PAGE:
Today is the Lord’s Day and I thought I’d pass along some advice pertaining to the day. It comes courtesy of Donald Whitney. His book Simplify Your Spiritual Life offers a long series of short chapters, each offering wisdom on a specific part of the Christian’s walk with the Lord. And here he offers some valuable wisdom for getting the most out of your Lord’s Day. This is something I read quite a few years ago now and it really did help restore in my mind the value of this day, a day that is a special gift of God.
What’s the first thing that comes to mind when you hear the biblical term Sabbath? Many people, including those familiar with the New Testament, may think first of legalism. That’s because nearly every mention of “Sabbath” in the Gospels has to do with the Pharisees accusing Jesus of violating their manmade rules. God’s original intention, however, was for the Jews to “call the Sabbath a delight” (Isaiah 58:13). He meant for each of them on that day to “delight [themselves] in the Lord” (verse 14). Far from being a day to dread because of its restrictions, God designed the Sabbath to be a delightful day, the best of the week.
If that was true in the Old Testament, how much more should those who know God through Christ and have His Holy Spirit find delight in “the Lord’s day” (Revelation 1:10)?
How do we do this? As I mentioned in the previous chapter, there are differing views on what the Bible teaches about the Lord’s Day. But those rooted deeply in Scripture would agree on at least these two principles (though some would argue for much more): First, our greatest privilege and most important responsibility on the Lord’s day is to worship Him with His people. Not only was the Old Testament Sabbath a day of worship, but we have the apostolic command about “not forsaking the assembling of ourselves together” (Hebrews 10:24). And the apostolic example associated with this command is worship “on the first day of the week” (see Acts 20:7; 1 Corinthians 16:2).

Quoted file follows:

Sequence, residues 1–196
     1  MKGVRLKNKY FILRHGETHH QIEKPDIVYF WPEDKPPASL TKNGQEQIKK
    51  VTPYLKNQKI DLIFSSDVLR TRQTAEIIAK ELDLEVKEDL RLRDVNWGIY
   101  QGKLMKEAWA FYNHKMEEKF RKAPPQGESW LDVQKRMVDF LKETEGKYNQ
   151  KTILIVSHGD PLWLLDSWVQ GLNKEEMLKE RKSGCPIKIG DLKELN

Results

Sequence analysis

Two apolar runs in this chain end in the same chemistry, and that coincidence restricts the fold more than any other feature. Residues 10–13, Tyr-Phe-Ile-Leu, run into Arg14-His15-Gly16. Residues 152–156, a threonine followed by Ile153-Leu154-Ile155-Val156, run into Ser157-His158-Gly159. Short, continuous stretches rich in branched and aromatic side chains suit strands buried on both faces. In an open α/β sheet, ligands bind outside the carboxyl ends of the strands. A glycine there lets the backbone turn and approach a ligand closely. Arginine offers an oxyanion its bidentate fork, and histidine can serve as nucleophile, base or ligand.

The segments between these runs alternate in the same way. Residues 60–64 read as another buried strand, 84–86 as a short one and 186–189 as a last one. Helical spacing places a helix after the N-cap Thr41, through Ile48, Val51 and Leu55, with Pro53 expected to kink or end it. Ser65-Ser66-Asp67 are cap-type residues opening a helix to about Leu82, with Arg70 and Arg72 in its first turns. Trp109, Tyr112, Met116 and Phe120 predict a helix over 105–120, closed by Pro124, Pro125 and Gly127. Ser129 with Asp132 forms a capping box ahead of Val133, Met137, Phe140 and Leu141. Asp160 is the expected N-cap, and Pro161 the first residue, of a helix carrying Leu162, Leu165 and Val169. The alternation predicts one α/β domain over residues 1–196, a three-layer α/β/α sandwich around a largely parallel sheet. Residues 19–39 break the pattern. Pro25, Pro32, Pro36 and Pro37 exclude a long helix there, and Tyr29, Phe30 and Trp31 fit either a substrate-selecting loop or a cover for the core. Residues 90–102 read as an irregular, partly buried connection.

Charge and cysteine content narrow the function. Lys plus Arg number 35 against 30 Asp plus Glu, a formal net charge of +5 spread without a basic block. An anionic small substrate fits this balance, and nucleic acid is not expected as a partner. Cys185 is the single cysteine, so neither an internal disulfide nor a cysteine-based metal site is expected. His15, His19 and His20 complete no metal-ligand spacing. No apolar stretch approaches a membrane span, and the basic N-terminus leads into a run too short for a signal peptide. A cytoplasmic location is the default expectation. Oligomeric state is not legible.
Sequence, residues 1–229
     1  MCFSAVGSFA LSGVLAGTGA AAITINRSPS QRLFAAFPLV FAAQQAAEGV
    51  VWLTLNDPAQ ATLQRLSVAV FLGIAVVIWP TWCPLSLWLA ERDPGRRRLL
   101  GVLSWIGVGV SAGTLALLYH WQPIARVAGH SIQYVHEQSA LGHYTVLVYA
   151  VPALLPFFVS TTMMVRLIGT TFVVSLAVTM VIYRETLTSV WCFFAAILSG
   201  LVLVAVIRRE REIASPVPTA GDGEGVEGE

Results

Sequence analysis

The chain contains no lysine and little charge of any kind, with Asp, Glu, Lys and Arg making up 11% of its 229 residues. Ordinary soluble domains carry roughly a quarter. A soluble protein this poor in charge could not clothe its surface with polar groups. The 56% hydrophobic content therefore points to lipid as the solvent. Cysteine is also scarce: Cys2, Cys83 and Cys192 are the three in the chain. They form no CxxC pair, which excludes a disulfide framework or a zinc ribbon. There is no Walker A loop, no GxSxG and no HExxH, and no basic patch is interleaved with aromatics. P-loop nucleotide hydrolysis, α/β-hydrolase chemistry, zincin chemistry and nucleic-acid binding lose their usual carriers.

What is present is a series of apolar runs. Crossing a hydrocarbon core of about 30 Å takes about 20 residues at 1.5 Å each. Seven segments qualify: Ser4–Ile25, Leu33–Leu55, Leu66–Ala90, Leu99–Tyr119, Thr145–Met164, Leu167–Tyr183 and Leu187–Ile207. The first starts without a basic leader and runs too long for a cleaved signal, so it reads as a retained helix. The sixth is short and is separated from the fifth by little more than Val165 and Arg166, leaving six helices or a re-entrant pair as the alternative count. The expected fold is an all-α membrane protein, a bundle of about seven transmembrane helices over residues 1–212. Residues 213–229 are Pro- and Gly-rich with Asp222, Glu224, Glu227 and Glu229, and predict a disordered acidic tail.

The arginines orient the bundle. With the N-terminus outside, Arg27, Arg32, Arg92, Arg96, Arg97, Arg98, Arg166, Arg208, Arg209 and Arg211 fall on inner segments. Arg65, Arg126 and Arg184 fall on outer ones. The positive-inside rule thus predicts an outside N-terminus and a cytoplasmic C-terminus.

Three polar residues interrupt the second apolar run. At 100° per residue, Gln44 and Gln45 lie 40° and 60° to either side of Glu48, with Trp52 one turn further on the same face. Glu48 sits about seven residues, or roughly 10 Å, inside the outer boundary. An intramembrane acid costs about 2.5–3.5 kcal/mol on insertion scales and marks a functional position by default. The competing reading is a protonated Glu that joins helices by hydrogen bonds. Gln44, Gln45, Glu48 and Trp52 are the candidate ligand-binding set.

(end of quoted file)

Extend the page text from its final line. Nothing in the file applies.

Second, all our activities on Sunday should reflect the fact that it is “the Lord’s day” (over and above the fact that, according to Psalm 118:24, every day is “the day which the Lord has made”). As you would expect, the practical aspects of what this means are very personal and intensely debated. In general, I think it means devoting ourselves to the pursuit of those things that promote the enjoyment of God. This also includes those activities that edify our church and family, extend the kingdom of God, and refresh our souls and bodies.
Years ago I began to delight in the Lord’s Day much more intentionally. One change was to redirect the time I spent watching sports on Sunday afternoons. It wasn’t because I don’t like viewing sports on TV anymore, for I enjoy that as much as ever. Rather, I stopped watching in order to turn to activities that would better restore my soul and recreate my body. People speak of “vegging” in front of the television. Staring at a screen for hours may not make us more tired, but neither does it invigorate us. Unlike taking a nap, a prayer-walk, reading the Bible or other good book alone or with family, or having a time of spiritual fellowship with other believers, we don’t feel refreshed after an afternoon of TV-watching.
Imagine living to age seventy and spending every Lord’s Day in the ways I’ve suggested. You’d experience ten years of worshiping the Lord with His people, reading great literature, playing with your children or grandchildren, taking walks, enjoying fellowship, and taking naps. Does this sound like a burden to you? Most people dream of a life like this. It’s the kind of life you can enjoy when you delight in the Lord’s Day.